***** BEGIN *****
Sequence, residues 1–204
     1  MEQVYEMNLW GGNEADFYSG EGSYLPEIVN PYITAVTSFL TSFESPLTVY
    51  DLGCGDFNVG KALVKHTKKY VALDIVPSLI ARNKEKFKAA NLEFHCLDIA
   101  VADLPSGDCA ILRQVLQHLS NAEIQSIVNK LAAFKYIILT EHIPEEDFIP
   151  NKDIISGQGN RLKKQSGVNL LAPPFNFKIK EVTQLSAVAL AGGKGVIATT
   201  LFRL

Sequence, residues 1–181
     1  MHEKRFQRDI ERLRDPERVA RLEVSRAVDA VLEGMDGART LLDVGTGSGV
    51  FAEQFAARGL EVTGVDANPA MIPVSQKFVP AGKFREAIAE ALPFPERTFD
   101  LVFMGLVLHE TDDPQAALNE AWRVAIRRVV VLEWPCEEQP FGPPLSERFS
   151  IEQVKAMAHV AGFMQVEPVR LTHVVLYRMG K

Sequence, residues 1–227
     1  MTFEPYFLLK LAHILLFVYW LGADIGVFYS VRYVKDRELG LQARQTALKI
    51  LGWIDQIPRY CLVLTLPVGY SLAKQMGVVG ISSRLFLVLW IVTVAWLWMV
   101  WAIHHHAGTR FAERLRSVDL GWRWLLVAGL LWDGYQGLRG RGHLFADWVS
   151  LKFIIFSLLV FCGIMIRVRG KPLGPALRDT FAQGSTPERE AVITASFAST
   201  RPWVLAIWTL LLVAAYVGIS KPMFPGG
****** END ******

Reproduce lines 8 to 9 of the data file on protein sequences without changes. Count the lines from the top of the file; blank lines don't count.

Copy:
     1  MHEKRFQRDI ERLRDPERVA RLEVSRAVDA VLEGMDGART LLDVGTGSGV
    51  FAEQFAARGL EVTGVDANPA MIPVSQKFVP AGKFREAIAE ALPFPERTFD